ELISA Plate Washing Optimization
One of the defining features of an ELISA assay is the ability to quickly and effectively wash away unbound molecules. This allows ELISA assays to capture specific antigens or antibodies from crude samples, enabling researchers to identify, isolate, and quantify nearly any molecule. Optimizing the parameters of the wash steps is critical to obtaining the best results from your ELISA assay. Use this guide to help decide how you will optimize the parameters of your washes:
One of the most significant parameters to optimize is the wash volume. The amount of wash solution that is used to wash the ELISA wells influences the stringency of the wash: too little and unbound molecules may remain, greatly increasing background signal; too much, and you risk stripping specifically bound molecules.
As a rule of thumb, the wash volume should be at least as high as the coating volume; manufacturers will list the coating volume on the datasheet, providing a starting point for your optimization. A commonly used industry standard is 200 µl, and manufactures will often recommend 300 µl wash volumes.
Number of Wash Cycles
Another major parameter you might wish to consider is the number of wash cycles used. As with wash volume, too few wash cycles cause high background, while too many washes reduce signal strength. The typical number of wash cycles is three; however, you must consider the manufacturers suggestions and the type of plate you’re using: plates coated by the manufacturer typically require fewer washes than in-house coated plates.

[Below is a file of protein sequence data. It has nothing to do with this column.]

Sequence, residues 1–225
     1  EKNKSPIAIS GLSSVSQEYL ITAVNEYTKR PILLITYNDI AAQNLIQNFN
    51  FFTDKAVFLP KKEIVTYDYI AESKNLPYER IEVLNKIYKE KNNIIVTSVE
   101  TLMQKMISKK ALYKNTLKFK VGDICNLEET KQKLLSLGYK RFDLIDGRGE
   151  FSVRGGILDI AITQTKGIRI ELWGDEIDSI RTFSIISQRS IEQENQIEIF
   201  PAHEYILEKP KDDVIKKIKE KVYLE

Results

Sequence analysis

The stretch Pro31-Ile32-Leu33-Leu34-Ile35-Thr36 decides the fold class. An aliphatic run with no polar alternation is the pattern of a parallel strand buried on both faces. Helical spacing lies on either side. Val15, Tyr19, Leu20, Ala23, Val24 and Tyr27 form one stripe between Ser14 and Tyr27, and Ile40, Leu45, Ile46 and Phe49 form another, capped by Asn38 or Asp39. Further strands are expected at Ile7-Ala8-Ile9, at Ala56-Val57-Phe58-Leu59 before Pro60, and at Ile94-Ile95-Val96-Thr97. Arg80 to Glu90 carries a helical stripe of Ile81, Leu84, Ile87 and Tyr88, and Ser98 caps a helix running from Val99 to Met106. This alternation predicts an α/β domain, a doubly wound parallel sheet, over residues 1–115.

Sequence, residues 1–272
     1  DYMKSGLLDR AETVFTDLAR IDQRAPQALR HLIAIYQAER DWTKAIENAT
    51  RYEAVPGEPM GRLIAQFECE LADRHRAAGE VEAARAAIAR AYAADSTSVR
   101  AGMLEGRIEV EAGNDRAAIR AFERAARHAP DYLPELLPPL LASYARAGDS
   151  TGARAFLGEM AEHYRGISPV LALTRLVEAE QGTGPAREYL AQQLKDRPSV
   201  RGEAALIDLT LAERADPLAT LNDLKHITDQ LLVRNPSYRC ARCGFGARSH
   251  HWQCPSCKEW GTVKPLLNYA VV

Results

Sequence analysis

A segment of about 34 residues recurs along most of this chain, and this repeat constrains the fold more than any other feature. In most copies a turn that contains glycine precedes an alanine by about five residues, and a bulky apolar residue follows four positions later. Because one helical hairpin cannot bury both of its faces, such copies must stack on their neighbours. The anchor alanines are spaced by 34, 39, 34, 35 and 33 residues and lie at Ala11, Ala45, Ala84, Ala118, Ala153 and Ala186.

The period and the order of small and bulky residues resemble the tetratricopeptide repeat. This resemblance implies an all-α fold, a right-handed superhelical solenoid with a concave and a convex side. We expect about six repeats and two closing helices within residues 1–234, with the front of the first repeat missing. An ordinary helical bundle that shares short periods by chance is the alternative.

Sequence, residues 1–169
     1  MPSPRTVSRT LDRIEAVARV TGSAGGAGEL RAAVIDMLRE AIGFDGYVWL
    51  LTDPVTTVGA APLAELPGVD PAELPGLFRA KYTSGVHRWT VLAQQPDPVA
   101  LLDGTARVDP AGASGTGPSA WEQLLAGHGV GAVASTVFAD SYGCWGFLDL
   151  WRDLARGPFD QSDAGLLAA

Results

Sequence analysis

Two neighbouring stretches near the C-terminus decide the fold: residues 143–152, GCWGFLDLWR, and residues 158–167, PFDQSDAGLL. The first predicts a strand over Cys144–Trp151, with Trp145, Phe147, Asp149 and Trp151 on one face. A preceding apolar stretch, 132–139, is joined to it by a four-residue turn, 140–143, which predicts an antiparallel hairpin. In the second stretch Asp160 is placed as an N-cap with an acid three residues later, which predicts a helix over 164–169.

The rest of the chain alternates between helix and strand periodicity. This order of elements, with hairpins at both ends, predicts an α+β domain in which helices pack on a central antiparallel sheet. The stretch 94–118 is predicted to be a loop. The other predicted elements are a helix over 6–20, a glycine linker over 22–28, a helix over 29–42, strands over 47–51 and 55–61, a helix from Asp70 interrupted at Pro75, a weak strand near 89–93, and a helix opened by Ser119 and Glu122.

Aspiration of the wash buffer is important to optimize. There are several variables to consider, including aspiration height, and aspiration method, and well shape.
Aspiration height, the distance from the bottom of the well to the aspiration head, contributes significantly to the residual volume of the wells. Residual volume of wash buffer includes unbound molecules, and greater volumes cause higher background. The optimal height of a rigid aspiration head has a range of just 0.1mm; even slightly too high or too low will drastically increase the residual volume. Precise calibration of the washing step is crucial for rigid aspiration heads. Floating heads can move up and down the well according to the volume, so adjusting the height is much less important.
The shape of the well itself can also affect residual volume. Wells with sharp corners tend to retain the most residual volume, while v-wells retain the least. If you experience high background that’s hard to troubleshoot, investigate this parameter.
Given the significance of the wash step, you may wish to perform tests to calibrate your washes before performing sensitive experiments.
Keywords:- ELISA, optimization, antibody, antigen, sample, concentration, checkerboard, titration